Ancient road, timeless trip

Ancient road, timeless trip

Published: June 10, 2007

International Herald Tribune

 

Jehad Nga for The New York Times
The main mosque in Naryn, Kyrgyzstan.

The Silk Road is the popular name for a system of caravan trade routes that dates back more than 2,000 years, an important economic artery that stretched roughly 7,000 miles, from the Mediterranean to China’s Yellow River Valley. Earlier this year, the photographer Jehad Nga, on assignment for the Travel section, spent three weeks retracing part of the historic route in central Asia, driving from Bishkek, Kyrgyzstan, to Dushanbe, Tajikistan.

Conditions were at times onerous, ranging from oppressive desertlike heat in Uzbekistan to a blizzard in Tajikistan that made that country’s already treacherous roads nearly impossible to navigate. But it was also a journey of discovery: of encountering Kyrgyz sheepherders living in bare-existence yurts set in the vast wilderness; of witnessing an Uzbek bride’s joyful preparation for her wedding; of shopping in the historic central bazaar of Samarkand, Uzbekistan.

“There were moments when I felt further from the rest of the world than I ever have before,” Nga recalls. “It was a feeling of only more nothingness beyond each horizon.”

 

Anwar says he would be a much better PM than Abdullah or Mahathir

Malaysia’s Anwar says he would be a much better PM than Abdullah or Mahathir

The Associated Press in the

International Herald Tribune

KUALA LUMPUR, Malaysia: Opposition figure Anwar Ibrahim said for the first time he would likely become prime minister if his coalition takes power, and vowed to clean up Malaysia’s corruption and halt its colonial-era jailing of suspects without trial.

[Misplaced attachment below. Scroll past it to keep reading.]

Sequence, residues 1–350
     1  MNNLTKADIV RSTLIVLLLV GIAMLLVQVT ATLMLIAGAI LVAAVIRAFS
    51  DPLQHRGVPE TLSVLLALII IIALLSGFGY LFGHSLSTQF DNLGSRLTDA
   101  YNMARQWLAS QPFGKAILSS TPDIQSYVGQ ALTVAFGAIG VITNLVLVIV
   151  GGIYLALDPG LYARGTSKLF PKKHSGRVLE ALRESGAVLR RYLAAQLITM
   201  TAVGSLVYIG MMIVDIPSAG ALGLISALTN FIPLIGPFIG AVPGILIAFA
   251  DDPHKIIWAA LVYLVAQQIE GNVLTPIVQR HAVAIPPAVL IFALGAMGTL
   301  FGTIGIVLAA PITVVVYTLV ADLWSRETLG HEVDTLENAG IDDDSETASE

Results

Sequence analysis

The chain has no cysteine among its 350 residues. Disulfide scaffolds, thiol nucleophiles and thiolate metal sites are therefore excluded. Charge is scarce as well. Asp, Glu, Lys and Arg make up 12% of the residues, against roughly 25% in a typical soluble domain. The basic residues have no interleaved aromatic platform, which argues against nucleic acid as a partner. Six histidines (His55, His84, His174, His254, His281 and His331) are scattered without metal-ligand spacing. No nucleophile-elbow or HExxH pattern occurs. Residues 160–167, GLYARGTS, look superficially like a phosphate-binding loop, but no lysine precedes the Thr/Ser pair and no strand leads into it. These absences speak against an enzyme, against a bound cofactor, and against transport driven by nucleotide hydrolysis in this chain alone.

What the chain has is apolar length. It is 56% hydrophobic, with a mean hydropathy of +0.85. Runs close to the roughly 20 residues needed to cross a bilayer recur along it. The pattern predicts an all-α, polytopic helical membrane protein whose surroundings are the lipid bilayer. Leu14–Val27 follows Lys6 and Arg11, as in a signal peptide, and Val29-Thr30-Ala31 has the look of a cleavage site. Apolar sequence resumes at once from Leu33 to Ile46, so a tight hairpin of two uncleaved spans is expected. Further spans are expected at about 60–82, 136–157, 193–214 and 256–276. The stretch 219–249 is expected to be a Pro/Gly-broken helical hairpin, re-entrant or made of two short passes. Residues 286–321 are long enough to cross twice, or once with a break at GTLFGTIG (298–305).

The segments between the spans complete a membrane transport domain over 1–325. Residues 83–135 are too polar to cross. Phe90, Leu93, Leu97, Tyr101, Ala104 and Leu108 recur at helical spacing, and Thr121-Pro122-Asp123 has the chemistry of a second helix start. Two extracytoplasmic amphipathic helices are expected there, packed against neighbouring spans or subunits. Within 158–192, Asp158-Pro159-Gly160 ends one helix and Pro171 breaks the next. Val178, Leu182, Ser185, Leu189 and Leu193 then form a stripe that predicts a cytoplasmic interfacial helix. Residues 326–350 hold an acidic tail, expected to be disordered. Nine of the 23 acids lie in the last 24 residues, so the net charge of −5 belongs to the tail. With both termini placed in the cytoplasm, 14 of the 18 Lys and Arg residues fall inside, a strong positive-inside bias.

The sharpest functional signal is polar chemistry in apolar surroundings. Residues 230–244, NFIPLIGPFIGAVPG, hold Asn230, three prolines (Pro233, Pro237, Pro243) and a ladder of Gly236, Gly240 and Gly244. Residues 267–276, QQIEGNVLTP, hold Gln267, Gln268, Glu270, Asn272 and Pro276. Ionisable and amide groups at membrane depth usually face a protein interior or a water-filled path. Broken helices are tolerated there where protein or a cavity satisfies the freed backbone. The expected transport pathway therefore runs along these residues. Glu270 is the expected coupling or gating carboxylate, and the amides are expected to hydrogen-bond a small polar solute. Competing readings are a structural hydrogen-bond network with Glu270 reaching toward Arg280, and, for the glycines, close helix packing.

In an interview with The Associated Press on Tuesday, Anwar said he was in no hurry to take control of government despite his opposition alliance’s spectacular gains in elections in March.

But when he was asked whether he would take the job of prime minister if his People’s Alliance were to come to power, he said, “There is a likelihood.”

Political commentators and aides have often talked about Anwar’s prime ministerial ambitions, but this was the first time he spoke in depth about how he would handle the top job.

He said he would be a better prime minister than current leader Abdullah Ahmad Badawi and his predecessor Mahathir Mohamad.

“Well, I wouldn’t detain people without trial,” Anwar said, referring to a colonial-era law that allows for indefinite detention without charges. The law often was used by Mahathir, and Abdullah has exercised it a few times.

“I will check corruption for sure,” Anwar said. “With the little experience I have (in the government), I believe I can do much better, but it is for people to judge. But first I have to be there to consider the question relevant.”

Anwar was Mahathir’s finance minister and deputy prime minister, and was once considered Mahathir’s likely successor. But Mahathir sacked him in 1998 during a power struggle, accusing him of corruption and homosexuality.

Anwar was sentenced to 15 years in jail on charges of sodomy and abuse of power. He was freed in September 2004 after the sodomy charge was overturned. But the corruption sentence stood.

Although Anwar always maintained the charges were trumped up, he was written off as a political relic because of the allegations.

But he returned to Malaysian politics with a bang last year, stitching together an unlikely alliance made up of his multiracial People’s Justice Party, the left-leaning Democratic Action Party and the religious-based Pan-Malaysian Islamic Party.

The rare opposition unity presented a formidable electoral challenge to the ruling National Front coalition, which is dominated by Abdullah’s United Malays National Organization party.

The National Front lost its traditional two-thirds majority for the first time in 40 years, while the opposition boosted its strength to 82 seats from 19 seats in the 222-member Parliament. The opposition is now just 30 seats short of a simple majority, something Anwar says is within reach because of expected defections from the National Front.

“We already have the numbers,” he said.

But rather than taking down the government now with a wafer-thin majority over the National Front, Anwar said the opposition is waiting for “a comfortable majority.”

Anwar said when the opposition comes to power it would provide a much better government than the National Front.